Students who helped to write and self-publish the teen fiction novel “Running for Hope” will be celebrated Thursday at the school board’s regular business meeting.
“Auto Biography: A Classic Car, an Outlaw Motorhead, and 57 Years of the American Dream,” by former Virginian-Pilot writer Earl Swift follows a ’57 Chevy station wagon through 13 different owners.
Jim Grimsley, author of several novels and a professor of English and creative writing at Emory University, has written a memoir of his childhood in the eastern North Carolina town of Pollocksville, “How I Shed My Skin: Unlearning the Racist Lessons of a Southern Childhood” (Algonguin Books, $23.95).
Earlier this year I was startled to find myself grieving for my mother on her March birthday and I knew her death date was almost exactly a month away. “It’s been four years since she died, why am I still grieving?” I asked myself.
Adam Rex is one of the craziest writers in children’s books. He has a tickle-your-funny-bone sense of humor, flavored with a bit of the ridiculous.
Author Frances Mayes, New York Times bestselling author of “Under the Tuscan Sun,” will read from her memoir “Under Magnolia: A Southern Memoir” at 7 p.m. Monday, April 6 at the Durham Main Library, 300 N. Roxboro Road.
Sisters Mary Widdifield and Elin Widdifield began to seek out stories from parents of children with mental illness after Erin’s son was diagnosed with mental illness. They have collected their stories in their new book “Behind the Wall: The True Story of Mental Illness as Told by Parents” (Langdon Street Press, $16.95). The Widdifields interviewed parents from all over the country, keeping their identities anonymous.
Is there something special about the way we talk here in North Carolina? The best person to answer is Walt Wolfram, who has studied the speech patterns in our state since 1992 when he became the first William C. Friday Distinguished University Professor of English Linguistics at N. C. State.
Eight white Duke students met all-black NCCU team in 1944: The writing of “The Secret Game,” Scott Ellsworth’s new book about the South’s first integrated “college” basketball game, “happened by chance,” Ellsworth said.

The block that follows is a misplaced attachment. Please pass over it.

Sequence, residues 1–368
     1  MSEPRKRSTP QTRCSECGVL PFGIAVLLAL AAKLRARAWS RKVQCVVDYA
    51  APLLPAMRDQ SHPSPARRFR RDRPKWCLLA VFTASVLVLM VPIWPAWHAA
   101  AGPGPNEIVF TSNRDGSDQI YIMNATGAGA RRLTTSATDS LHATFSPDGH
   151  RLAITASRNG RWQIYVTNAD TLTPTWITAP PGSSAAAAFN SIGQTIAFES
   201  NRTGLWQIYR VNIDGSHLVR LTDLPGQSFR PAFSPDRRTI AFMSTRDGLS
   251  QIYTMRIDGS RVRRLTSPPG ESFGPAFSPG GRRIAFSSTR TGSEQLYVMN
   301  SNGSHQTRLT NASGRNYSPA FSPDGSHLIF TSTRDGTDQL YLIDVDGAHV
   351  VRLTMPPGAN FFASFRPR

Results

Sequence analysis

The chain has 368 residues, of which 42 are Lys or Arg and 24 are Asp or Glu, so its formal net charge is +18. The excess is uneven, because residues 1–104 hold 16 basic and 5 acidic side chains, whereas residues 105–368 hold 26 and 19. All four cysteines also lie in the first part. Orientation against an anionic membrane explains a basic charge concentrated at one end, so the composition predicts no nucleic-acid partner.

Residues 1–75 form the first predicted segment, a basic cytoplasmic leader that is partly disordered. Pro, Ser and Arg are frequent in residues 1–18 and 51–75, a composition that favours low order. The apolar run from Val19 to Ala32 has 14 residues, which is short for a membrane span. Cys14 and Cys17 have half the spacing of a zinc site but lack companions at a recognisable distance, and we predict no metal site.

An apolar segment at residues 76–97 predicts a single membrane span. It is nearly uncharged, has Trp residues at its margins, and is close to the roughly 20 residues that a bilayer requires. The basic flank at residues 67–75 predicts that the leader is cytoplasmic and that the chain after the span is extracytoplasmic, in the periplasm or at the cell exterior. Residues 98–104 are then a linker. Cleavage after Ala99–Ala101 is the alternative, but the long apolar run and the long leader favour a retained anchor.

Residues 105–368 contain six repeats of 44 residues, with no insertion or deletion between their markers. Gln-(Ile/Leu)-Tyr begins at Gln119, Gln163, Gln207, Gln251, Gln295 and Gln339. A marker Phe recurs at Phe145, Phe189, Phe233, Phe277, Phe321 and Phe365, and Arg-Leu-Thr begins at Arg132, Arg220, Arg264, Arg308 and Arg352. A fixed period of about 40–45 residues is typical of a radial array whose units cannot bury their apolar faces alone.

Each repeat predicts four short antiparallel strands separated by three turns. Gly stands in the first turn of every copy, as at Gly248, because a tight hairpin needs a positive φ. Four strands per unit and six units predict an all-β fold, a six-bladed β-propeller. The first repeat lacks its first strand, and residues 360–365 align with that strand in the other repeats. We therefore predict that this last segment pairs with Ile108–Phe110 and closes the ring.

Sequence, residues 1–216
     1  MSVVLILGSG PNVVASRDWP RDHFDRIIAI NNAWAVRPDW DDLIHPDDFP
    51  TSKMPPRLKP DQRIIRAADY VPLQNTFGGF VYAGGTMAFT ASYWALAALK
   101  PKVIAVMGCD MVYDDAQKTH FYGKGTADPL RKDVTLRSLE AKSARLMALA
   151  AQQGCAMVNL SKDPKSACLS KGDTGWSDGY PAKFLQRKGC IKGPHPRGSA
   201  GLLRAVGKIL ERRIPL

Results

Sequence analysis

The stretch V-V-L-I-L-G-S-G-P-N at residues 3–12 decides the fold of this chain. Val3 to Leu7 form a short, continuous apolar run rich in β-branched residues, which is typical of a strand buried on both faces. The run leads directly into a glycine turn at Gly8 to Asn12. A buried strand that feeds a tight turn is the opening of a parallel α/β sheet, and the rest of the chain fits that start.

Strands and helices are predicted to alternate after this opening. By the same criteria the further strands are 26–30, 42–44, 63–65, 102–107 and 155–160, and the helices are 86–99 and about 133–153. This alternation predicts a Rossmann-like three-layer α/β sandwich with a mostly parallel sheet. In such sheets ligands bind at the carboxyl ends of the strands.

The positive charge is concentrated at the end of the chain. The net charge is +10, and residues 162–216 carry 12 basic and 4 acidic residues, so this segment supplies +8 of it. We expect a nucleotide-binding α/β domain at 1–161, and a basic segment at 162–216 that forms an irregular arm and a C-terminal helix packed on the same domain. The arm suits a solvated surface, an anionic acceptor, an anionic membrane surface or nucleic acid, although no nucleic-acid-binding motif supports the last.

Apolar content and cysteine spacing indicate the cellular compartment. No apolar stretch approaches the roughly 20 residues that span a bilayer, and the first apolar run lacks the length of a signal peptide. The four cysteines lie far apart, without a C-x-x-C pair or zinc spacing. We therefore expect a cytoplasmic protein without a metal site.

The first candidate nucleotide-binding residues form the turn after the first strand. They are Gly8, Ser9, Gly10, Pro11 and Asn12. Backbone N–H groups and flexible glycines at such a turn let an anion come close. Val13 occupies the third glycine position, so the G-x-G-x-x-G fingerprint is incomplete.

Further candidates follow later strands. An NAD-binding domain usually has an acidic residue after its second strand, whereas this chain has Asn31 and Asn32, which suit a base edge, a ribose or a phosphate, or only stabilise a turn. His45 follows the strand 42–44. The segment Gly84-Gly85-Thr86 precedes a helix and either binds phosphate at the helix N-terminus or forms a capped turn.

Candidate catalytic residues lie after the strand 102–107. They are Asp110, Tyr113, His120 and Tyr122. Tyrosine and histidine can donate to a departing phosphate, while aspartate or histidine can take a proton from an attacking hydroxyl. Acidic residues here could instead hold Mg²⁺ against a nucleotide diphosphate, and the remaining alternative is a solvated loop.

It has been more than five years since Ron Rash first talked on North Carolina Bookwatch about his best-selling novel, “Serena.” UNC-TV is re-airing that program to coincide with the release of the movie, finally.
Adam Rex is one of the craziest writers in children’s books. He has a tickle-your-funny-bone sense of humor, flavored with a bit of the ridiculous. His humor shines in picture books and middle grade novels, but my all time favorite was The True Meaning of Smekday (book from Disney-Hyperion and audio from Listening Library, 10 hours, 38 minutes, read by Bahni Turpin).
The recent snow and ice shut everything down, except my mind. I kept that active with two engrossing new mysteries.
Wilhelmina Johnson Hamlin was an ordinary person. She was just 26 years old when she died in 1930, remembered only by her family and friends. But through a combination of events, her story is now reaching a wider audience.
“Possibilities,” Herbie Hancock’s new memoir, bristles with, among other things, the kind of truth that one would not expect from Hancock. But that’s if one thinks he fits the traditional, and very tired, stereotype of the jazz musician.
Random House plans to publish a new collection of nonfiction from William Styron, “My Generation: Collected Nonfiction,” edited by Styron biographer James L.W. West III. Tentative publication date is June 2.